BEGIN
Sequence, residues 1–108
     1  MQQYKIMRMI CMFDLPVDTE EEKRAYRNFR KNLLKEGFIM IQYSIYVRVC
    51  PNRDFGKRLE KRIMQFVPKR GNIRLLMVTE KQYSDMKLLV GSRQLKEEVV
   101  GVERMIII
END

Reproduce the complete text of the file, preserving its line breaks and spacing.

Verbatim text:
Sequence, residues 1–108
     1  MQQYKIMRMI CMFDLPVDTE EEKRAYRNFR KNLLKEGFIM IQYSIYVRVC
    51  PNRDFGKRLE KRIMQFVPKR GNIRLLMVTE KQYSDMKLLV GSRQLKEEVV
   101  GVERMIII